Ozark County man gets unexpected life-saving results from heart screening

Jeff and Kim Nash

When Kim Nash told her husband Jeff recently that she wanted him to make an appointment for a cardiac calcium screening at Baxter Regional Medical Center (BRMC), he thought it would be a waste of time. 

“I felt fine and didn’t think there was anything wrong with me,” he said. 

Nash made it a point to have regular checkups and, for the past four or five years, had been getting up early every morning to work out at Top Dog Fitness Center in Gainesville. 

“I didn’t feel bad, so I didn’t think there was any reason to have the screening,” he said. “But Kim and my son Taler both had it done, and they kept putting pressure on me until I made the appointment and had it done.”

Nash said he felt confident going into the screening at the Mountain Home, Arkansas, hospital.

“Honestly, I thought I’d blow it away,” he said. “Kim had scored 30, and Taler scored 0. I thought I’d maybe score 50 or around there. I went through the tests and felt real good about everything they did.”

When the screening was over, a cardiac nurse reviewed the results. If the cardiac calcium score is more than 400, the recommendation is for the patient to see a cardiologist. Nash had a calcium score of over 1,200.

Still, Nash said he didn’t feel bad and thought maybe it was a false reading on the test. 

“But I went ahead and let them make me an appointment with a cardiologist,” he said. 

Nash saw cardiologist Dr. Otis Warr IV and told him he felt fine and wondered if the results could be a false reading. “He said it could be, but we needed to follow up on it anyway and scheduled me for a nuclear stress test. My insurance company denied it though and wanted me to go ahead and have a heart catheterization angiogram-type test.”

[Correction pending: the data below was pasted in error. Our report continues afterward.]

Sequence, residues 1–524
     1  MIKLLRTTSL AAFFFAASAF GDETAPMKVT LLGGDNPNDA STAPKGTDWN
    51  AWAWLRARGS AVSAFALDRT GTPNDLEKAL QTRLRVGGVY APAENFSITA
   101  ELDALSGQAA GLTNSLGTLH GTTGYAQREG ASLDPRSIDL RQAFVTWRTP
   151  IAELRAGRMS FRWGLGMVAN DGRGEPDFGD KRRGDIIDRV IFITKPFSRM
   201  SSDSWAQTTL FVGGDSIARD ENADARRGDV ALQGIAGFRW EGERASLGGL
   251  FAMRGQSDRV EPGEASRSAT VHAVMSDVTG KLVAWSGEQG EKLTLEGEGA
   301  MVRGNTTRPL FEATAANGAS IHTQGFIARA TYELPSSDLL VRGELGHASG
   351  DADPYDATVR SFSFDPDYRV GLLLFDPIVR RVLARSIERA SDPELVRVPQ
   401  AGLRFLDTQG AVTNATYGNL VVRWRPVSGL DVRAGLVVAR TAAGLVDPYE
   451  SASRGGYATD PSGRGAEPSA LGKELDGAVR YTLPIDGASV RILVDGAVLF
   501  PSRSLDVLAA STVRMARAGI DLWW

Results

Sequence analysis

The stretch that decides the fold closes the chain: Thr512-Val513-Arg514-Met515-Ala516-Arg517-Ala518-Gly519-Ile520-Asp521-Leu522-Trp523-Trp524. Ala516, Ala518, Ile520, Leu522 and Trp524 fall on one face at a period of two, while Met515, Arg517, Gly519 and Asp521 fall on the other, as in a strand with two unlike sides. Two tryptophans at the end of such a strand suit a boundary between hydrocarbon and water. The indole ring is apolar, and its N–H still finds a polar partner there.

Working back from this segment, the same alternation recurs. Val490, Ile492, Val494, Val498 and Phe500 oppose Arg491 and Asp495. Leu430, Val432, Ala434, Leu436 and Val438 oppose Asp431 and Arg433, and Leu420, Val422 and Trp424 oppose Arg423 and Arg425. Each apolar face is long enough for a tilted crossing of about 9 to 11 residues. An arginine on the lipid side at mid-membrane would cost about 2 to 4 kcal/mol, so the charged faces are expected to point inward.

The results of the angiogram showed five blockages. Two of the scariest were 90 and 95 percent blockages in the left anterior descending artery, a major pipeline for blood. Blockages in that artery, sometimes called widow-makers, are often fatal when the blockage reaches 100 percent.

The results also showed that stints weren’t an option for Nash. Because of where the blockages were located, he would have to undergo open-heart bypass surgery.

On Tuesday, Nov. 19, cardiovascular surgeon Dr. Louis Elkins performed the surgery. Nash was up walking the next day and went home that Saturday. Two weeks after surgery, Nash asked co-worker Justin Guffey to stop by and pick him up for work. 

“I couldn’t drive, but Justin came up and got me and took me home every day,” Nash said. “I didn’t do much at work, but I think that was when I really started feeling better.”

Three weeks ago, Nash got the all-clear to make his early morning treadmill walks a part of his daily routine again. 

“I’m getting better every day,” he said. “I feel better now than I did before I had the surgery.”

Kim is grateful that her husband finally gave in to her pleading, had the test and is now recovered from the surgery. 

“God answered many prayers for me with this situation,” she said. 

Nash said he’s now encouraging everyone he knows to have the cardiac calcium screening test. 

“I think everybody should have it done,” he said. “It’s $99. For that amount of money, you couldn’t even get bloodwork done. They could find all kinds of different things with the tests they do.”